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No harm in a little dreaming

MICKEY MOUSE may be getting on a bit but he can still attract the girls.

The group from the Jobcentre is learning how to find information from tables and use a matrix to compare data. I have bought in some travel brochures for Disneyland Paris and Disney World in Florida, and set the students an activity comparing holiday options.

"Oh, cool" whoops Ellie. "I've been to the Paris one. I've still got the ears."

Ellie and her friend dive into the brochures and start picking their dream holiday.

I was wondering how they would respond to this activity as they do not have children, but I need not have worried. Give any of us a pair of big black ears and we can discover our inner child.

After comparing the two destinations and the costs, Ellie's friend decides to opt for a short trip to France, but Ellie already has the T-shirt and has set her heart on Florida.

By the end of the lesson, she is determined to get a job, and is even considering giving up smoking, so that she can save the money for her holiday. With Mickey's help, I have got nearer to meeting a New Deal target today than in any previous lesson.

Ellie's resolve will probably crumble, but dreams are what Disney is all about.

In my pre-entry skills group, I have an elderly student who is always prone to fantasise. He has not mastered reading and writing, but he loves making things. Every week, he promises to make me a bird table. Maybe he is just forgetful, but it never appears.

One day I ask him how he is getting on with it. He looks crestfallen and explains that he hasn't had time to start it yet. He has been frittering away his time watching television.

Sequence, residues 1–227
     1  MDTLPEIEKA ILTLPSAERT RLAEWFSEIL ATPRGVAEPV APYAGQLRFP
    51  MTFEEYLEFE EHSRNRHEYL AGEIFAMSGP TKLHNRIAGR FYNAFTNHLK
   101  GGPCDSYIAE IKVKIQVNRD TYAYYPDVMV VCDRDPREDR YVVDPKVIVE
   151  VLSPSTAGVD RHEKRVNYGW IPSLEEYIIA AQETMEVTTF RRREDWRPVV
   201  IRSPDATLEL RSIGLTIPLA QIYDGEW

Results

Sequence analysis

"You know that heart attack programme? I've been watching that," he says.

"I like that, I do. I copy him, what does it."

I don't know the programme, but the thought of George practising open heart surgery is not comfortable. I hope it is just another of his fantasies.

"He does it on one of them frames and then he holds it up and then I copy it," George explains. "Flowers they are, they're really beautiful."

I realise then that it is the children's programme Art Attack that has held his attention and I am relieved to think that George has been wielding a paintbrush and not a surgeon's scalpel.

Ellie's group has finished with the Disney brochures and, not being one to waste resources, I bring them in for George's group to look through.

George spots a picture of a familiar landmark. "I've got a jigsaw of that Eiffel Tower at home," he tells me. "Shall I make it and bring it in for you? I'll make you a nice frame for it, shall I?"

"That would be nice, George," I say, "but perhaps you should finish the bird table first."

Another dream fades as we drag ourselves back to the less romantic world of learning phonics.

Gill Moore is a lecturer in basic skills

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